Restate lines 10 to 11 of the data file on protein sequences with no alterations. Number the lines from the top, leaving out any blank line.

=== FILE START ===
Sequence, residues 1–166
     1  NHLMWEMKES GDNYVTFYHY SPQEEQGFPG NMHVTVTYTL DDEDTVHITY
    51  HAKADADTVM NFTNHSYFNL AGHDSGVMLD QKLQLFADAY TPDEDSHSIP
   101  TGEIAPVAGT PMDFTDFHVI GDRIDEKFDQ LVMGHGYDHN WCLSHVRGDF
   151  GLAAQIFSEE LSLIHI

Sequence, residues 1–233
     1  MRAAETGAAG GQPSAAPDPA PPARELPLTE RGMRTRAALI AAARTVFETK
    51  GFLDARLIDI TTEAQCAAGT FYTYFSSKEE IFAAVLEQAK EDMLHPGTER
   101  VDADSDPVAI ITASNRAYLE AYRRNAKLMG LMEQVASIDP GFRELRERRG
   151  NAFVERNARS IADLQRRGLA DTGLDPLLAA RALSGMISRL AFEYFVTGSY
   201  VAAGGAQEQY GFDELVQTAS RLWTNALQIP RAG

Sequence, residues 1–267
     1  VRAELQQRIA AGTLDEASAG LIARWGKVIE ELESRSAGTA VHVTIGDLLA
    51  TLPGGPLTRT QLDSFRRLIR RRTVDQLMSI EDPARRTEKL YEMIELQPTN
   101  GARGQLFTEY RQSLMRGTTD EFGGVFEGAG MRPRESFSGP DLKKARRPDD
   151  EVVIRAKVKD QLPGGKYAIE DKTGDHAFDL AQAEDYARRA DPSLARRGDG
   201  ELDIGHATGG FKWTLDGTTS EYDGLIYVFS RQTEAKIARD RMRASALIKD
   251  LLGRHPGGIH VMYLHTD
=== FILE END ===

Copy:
   151  NAFVERNARS IADLQRRGLA DTGLDPLLAA RALSGMISRL AFEYFVTGSY
   201  VAAGGAQEQY GFDELVQTAS RLWTNALQIP RAG